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Paperback The Bay of Pigs Book

ISBN: 019975425X

ISBN13: 9780199754250

The Bay of Pigs

(Part of the Pivotal Moments in American History Series)

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Book Overview

In The Bay of Pigs, Howard Jones provides a concise, incisive, and dramatic account of the disastrous attempt to overthrow Castro in April 1961. Drawing on recently declassified CIA documents, Jones deftly examines the train of missteps and self-deceptions that led to the invasion of U.S.-trained exiles at the Bay of Pigs. Ignoring warnings from the ambassador to Cuba, the Eisenhower administration put in motion an operation that proved nearly unstoppable...

Customer Reviews

4 ratings

first hand

My husband was involved in the "failed" close air support that Kennedy did not supply.

An extremely important addition to the historical record.

"(They had a) good plan, poorly executed." Such was the rather generous assessment of Cuban President Fidel Castro in the aftermath of the U.S. government's covert attempt to overthrow him in mid-April 1961. The fact of the matter is that with the benefit of hindsight most historians and military analysts agree that the Bay of Pigs was an unmitigated disaster. Author Howard Jones revisits this shameful episode in American history with his new book "The Bay of Pigs". If you have not studied this operation in detail before than you will find this one to be a real eye-opener. On January 1, 1959, revolutionary forces led by a young, charismatic Fidel Castro finally succeeded in toppling the regime of Cuban dictator Fulgencio Batista. Castro's increasingly anti-American stances quickly became a source of concern for the Eisenhower administration. President Eisenhower finally concluded that for national security reasons Castro would have to be eliminated. The covert plan being drawn up by the Joint Chiefs of Staff, the State Department and the CIA called for the simultaneous elimination of Castro by assassination and the invasion of the island nation by U.S. trained Cuban exiles to establish a provisional government. The idea was to encourage a popular insurrection in Cuba that would legitimate the entire operation. Time ran out on the Eisenhower administration and so when John F. Kennedy took office in January of 1961 he inherited the problem. President Kennedy had already become convinced of the wisdom of overthrowing Fidel Castro. Events were moving rather quickly now and Castro seemed to be rapidly aligning himself with the Soviet Union. Time was of the essence as the preponderance of evidence indicated that the U.S.S.R. was beginning to ship all kinds of military hardware to Castro. It became abundantly clear that the longer the U.S. waited the more difficult the task at hand would be. The operation was finally set for April 17, 1961. "The Bay of Pigs" chronicles in great detail how the actual plan was devised and who the key players were. Howard Jones also discusses at great length the reasons why President Kennedy seemed so reluctant to approve any direct involvement of U.S. armed forces in the actual invasion of Cuba. For the President, the idea of "plausible deniability" was an overriding concern and was ultimately the reason the operation was moved from Trinidad to the Zapata Peninsula. It was also the reason why the President made the decision to cancel the air support that for all intents and purposes doomed the operation. I was just 10 years at the time of the Bay of Pigs operation. Over the years I have read any number of references to just how bitter the Cuban-American community was at President Kennedy for the way he mishandled the invasion and abandoned the ground forces who were left to fend for themselves without any of the promised air support. Some have even suggested that disgruntled Cuban exiles may have played a role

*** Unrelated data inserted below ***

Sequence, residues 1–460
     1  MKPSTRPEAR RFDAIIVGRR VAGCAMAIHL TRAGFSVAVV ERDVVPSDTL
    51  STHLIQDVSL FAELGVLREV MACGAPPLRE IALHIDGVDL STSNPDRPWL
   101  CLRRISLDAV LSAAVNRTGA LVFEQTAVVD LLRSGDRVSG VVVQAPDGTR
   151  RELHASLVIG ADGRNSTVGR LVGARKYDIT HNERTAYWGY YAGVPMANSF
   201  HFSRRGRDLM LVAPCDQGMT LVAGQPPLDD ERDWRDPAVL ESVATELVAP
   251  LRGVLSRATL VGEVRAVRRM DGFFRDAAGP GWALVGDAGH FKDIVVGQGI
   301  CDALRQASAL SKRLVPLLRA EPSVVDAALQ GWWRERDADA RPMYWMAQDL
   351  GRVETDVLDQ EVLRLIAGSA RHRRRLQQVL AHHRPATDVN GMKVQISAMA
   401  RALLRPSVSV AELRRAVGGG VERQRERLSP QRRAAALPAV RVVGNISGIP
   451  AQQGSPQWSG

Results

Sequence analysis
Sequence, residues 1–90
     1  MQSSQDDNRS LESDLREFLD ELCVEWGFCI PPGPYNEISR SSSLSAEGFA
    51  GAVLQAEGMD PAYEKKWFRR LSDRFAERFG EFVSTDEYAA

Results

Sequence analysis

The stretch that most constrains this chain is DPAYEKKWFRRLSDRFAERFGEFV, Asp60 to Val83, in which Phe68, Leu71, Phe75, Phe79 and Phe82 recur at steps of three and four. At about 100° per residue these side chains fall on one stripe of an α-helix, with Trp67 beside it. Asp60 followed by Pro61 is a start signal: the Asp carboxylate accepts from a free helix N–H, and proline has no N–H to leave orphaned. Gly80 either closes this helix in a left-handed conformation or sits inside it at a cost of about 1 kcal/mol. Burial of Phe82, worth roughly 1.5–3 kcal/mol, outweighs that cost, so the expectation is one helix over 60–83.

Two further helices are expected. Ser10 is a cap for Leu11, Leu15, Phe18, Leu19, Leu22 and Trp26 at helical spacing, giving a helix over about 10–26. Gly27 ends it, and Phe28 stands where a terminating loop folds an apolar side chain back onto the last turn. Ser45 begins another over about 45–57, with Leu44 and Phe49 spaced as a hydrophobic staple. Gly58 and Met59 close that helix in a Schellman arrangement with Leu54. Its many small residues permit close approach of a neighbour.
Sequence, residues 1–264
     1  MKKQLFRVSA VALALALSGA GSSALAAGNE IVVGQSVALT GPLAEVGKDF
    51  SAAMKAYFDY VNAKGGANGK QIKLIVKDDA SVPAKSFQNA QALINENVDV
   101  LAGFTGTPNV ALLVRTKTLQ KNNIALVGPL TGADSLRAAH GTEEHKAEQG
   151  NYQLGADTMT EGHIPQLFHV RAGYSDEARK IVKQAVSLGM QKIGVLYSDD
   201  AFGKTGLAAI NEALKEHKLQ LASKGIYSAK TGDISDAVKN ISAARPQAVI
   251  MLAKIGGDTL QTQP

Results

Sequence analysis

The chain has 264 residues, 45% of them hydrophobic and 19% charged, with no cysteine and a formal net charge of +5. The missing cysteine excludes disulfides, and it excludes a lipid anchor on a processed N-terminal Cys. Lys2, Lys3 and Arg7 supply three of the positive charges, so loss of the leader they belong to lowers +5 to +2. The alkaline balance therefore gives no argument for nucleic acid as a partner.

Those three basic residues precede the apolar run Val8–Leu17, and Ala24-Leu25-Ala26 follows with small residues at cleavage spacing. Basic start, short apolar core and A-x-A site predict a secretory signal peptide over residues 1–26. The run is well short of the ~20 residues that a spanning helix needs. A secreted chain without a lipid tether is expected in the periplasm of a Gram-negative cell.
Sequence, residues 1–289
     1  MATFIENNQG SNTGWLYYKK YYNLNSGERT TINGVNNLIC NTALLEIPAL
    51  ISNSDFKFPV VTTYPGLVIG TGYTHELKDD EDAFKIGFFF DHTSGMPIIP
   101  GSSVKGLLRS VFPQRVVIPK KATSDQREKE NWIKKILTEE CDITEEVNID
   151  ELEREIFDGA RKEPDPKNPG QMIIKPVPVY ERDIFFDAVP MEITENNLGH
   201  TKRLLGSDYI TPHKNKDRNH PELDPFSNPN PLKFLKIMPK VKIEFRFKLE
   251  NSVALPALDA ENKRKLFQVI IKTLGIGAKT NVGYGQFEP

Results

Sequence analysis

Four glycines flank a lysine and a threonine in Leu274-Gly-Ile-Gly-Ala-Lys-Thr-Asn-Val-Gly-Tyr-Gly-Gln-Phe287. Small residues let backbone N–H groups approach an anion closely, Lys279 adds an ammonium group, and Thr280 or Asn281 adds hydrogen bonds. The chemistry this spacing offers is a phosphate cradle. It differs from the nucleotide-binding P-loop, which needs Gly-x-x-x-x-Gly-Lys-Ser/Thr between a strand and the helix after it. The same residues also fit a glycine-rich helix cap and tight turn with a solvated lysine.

A much needed account